because of the heat, you lose some. (same as the memory, the gpu, the chipset or another chip)


<i>if you know you don't know, the way could be more easy ...</i>
June 30, 2002 3:32:33 PM

Quote:
yes but you have a performances loose @ 70°C!


You have no performance loss at any temprature on an athlon short of a lockup.

:wink: The Cash Left In My Pocket,The BEST Benchmark :wink:
June 30, 2002 3:34:10 PM

Quote:
because of the heat, you lose some. (same as the memory, the gpu, the chipset or another chip)


NO you dont, there is no performance loss from heat on a macro scale, run a benchmark at 30C@ 1.4ghz and you will get the same result(within margin or error of course) @60c assuming the chip is within lock temprature(IE stable).


Ram dosent lose performance when it heats up either, that is patently untrue.

:wink: The Cash Left In My Pocket,The BEST Benchmark :wink:
Anonymous
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June 30, 2002 4:51:36 PM

here an example i have found (among others...): <A HREF="http://magaland.com/cpucooler.html" target="_new">Thermoelectric CPU Coolers</A>

btw, did you know this review about heatsink & cooling: <A HREF="http://www.overclockers.com/tips263/index.asp" target="_new">Heatsink Testing Methodology</A> from Overclockers.

there are 2 formulas,
<b>C/W=(Heatsink Temp - Ambient Temp) / CPU Watts</b>
then
<b>C/W=(Thermal Diode Temp+Diode Worst Case Factor+Mb Correction Factor-Fan Intake Temp)/CPU watts</b>
to calculate the quality of a HSF, but i am wondering if it is exact/accurate.

other articles on this site about this topic:
<A HREF="http://www.overclockers.com/tips240" target="_new">Heatsink Testing</A>
<A HREF="http://www.overclockers.com/tips32" target="_new">Determining Heat Sink Efficiency Using Thermal Diode Temperatures</A>


<i>if you know you don't know, the way could be more easy ...</i>
June 30, 2002 7:40:08 PM

what temp is your house normally, and what type of airflow do you have in your computer? dual fans in the back or 1? Are the ide cables gettin in the way? Also you might try artic silver 3 instead of that white puddy paste they give you.
June 30, 2002 7:41:08 PM

id like to see some benchmarks on this, bench a cpu that is starved of fresh air with a stock cpu, maybe just take the fan off and get it hot as you can, then bench it. then bench the same setup with a high performance water cooler. id be interested to see the results.

how do you shoot the devil in the back? what happens if you miss? -verbal
June 30, 2002 8:18:32 PM

Your first link is an advertisement for tec's which they lie about heat degrading performance.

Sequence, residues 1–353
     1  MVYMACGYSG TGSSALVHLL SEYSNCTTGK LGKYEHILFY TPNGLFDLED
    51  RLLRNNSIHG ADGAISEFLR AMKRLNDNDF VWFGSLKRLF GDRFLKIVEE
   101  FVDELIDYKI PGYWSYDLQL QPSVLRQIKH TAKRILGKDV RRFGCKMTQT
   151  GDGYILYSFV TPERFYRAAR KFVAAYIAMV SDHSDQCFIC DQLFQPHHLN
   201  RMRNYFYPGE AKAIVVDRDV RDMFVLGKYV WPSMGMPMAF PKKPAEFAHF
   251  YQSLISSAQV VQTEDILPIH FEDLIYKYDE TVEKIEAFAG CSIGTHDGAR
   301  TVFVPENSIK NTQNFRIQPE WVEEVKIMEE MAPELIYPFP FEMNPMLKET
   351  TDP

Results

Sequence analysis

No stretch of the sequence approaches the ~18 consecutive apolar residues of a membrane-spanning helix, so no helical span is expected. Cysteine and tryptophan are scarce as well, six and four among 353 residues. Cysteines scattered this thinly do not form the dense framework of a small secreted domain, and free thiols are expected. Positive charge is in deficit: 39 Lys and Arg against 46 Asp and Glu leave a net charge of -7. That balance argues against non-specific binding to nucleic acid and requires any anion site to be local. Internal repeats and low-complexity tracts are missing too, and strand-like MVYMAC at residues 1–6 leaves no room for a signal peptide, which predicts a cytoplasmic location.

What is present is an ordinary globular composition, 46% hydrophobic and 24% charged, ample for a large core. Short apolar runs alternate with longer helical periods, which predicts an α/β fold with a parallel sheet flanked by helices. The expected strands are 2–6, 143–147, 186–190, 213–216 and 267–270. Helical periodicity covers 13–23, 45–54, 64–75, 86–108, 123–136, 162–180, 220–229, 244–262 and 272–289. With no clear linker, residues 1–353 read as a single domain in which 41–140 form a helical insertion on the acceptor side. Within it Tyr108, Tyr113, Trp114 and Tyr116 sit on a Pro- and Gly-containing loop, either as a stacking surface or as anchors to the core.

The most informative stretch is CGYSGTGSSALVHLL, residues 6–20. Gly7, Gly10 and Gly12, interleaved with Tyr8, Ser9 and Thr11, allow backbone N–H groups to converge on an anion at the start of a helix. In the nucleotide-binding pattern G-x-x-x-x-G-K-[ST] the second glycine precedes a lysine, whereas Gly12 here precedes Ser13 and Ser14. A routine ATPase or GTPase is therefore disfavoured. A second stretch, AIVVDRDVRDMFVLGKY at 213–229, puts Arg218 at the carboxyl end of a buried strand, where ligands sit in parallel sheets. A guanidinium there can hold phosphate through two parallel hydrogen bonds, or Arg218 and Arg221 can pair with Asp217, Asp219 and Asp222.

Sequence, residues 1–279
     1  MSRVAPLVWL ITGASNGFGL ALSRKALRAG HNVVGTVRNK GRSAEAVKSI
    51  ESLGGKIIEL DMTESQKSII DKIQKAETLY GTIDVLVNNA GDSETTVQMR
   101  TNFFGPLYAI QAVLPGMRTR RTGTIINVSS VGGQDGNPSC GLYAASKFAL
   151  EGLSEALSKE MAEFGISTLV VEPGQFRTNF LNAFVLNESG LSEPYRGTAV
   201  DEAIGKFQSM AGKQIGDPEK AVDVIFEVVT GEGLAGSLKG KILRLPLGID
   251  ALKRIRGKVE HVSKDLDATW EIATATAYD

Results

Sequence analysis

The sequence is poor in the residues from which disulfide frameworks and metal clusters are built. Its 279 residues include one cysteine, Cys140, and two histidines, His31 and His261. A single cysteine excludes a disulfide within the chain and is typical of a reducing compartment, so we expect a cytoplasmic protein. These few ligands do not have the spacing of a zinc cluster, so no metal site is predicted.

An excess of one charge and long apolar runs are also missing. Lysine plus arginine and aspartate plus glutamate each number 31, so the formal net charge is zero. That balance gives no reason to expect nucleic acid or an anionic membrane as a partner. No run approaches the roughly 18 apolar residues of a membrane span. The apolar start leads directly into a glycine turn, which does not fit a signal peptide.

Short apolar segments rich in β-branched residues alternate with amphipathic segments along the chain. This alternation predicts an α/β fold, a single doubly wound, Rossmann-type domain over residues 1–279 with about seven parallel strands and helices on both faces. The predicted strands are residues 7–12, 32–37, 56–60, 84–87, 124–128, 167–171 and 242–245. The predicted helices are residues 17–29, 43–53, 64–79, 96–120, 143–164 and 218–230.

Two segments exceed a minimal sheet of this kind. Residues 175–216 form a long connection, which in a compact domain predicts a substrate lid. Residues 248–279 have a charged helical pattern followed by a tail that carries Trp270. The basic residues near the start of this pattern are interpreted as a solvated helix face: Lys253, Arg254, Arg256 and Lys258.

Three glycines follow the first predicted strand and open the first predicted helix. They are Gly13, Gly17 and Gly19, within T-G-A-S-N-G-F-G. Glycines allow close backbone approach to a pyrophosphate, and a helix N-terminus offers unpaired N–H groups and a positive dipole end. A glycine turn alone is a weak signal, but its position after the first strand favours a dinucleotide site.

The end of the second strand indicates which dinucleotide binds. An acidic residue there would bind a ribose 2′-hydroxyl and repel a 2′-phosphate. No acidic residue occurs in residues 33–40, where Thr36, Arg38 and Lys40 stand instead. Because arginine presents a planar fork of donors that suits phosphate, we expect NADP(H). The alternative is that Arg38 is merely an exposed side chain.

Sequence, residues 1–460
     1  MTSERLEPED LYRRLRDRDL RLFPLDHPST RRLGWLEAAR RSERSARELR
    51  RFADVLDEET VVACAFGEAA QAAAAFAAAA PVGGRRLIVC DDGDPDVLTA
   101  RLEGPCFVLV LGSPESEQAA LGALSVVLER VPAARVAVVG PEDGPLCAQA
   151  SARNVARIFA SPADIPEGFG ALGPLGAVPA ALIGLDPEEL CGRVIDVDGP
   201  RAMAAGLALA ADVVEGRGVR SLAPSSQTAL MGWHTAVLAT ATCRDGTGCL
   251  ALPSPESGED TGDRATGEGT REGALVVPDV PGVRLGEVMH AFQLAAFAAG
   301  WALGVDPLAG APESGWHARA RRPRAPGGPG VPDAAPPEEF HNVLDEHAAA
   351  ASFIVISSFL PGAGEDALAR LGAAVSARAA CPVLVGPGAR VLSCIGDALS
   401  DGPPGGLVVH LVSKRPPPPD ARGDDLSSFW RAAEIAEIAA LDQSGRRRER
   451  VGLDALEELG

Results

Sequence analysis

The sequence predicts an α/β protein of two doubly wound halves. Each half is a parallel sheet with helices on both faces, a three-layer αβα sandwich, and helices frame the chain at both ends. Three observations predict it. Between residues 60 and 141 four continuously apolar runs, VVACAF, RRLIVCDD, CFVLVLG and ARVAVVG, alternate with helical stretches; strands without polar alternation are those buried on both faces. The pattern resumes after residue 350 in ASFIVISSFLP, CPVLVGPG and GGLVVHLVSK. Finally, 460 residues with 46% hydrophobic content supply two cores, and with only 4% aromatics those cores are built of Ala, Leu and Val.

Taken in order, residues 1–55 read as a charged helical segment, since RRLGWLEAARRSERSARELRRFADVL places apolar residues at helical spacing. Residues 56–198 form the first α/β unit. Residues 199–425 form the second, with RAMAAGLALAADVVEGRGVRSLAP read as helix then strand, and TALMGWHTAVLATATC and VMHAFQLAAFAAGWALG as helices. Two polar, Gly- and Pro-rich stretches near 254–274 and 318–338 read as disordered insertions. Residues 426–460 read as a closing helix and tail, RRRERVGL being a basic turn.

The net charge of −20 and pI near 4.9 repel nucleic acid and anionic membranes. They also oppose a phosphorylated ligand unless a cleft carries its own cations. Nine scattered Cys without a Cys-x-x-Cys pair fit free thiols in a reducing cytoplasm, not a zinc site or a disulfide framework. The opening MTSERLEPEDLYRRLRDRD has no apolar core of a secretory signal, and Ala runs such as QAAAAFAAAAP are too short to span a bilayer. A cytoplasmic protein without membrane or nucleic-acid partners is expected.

The other mention nothing about heat lowering performance.

Dont know what your getting at, wait for next post for my statement.

:wink: The Cash Left In My Pocket,The BEST Benchmark :wink:
June 30, 2002 8:20:27 PM

Quote:
id like to see some benchmarks on this, bench a cpu that is starved of fresh air with a stock cpu, maybe just take the fan off and get it hot as you can, then bench it. then bench the same setup with a high performance water cooler. id be interested to see the results.


You can see the results easily, run cpuid, note the mhz of your chip, run toast, during the toast run, run cpuid again, note the same mhz.

The mhz is a rating of chip speed, if the chip slowed down due to heat it would show up in its speed rating. It would benchmark exactly the same, it would do everything exactly the same.




:wink: The Cash Left In My Pocket,The BEST Benchmark :wink:
June 30, 2002 8:51:29 PM

what motherboard u use?? i know there are some MBs from ASUS the cpu temperature is 10c more than the actual temperature. i think a bios update may be needed.

:) 
June 30, 2002 10:00:51 PM

you of all people should realize that mhz alone is not THE deciding factor on performance. im talking about getting a baseline average of a bench mark while extensively cooled, then another heated almost to the breaking point.

how do you shoot the devil in the back? what happens if you miss? -verbal
July 1, 2002 9:46:48 AM

Quote:
you of all people should realize that mhz alone is not THE deciding factor on performance. im talking about getting a baseline average of a bench mark while extensively cooled, then another heated almost to the breaking point.


When stable yes it is.

A 1.46ghz axp will perform exactly the same @ 45C as it does at 60C, if it reaches a temp where the core begins making errors it is no longer stable.

AMD_man, you have a varying voltage fan, run some benchmarks at the low setting and high setting to show if you could.



:wink: The Cash Left In My Pocket,The BEST Benchmark :wink:
July 1, 2002 9:50:05 AM

BTW, it should be pointed out that analogue circtry performs better when cooled due to lowered resistance in the traces, but a cpu is a timed circuit, meaning if the cooled traces can send electricity faster it is wasted because it is forced to run at a set speed, hence my mhz comments.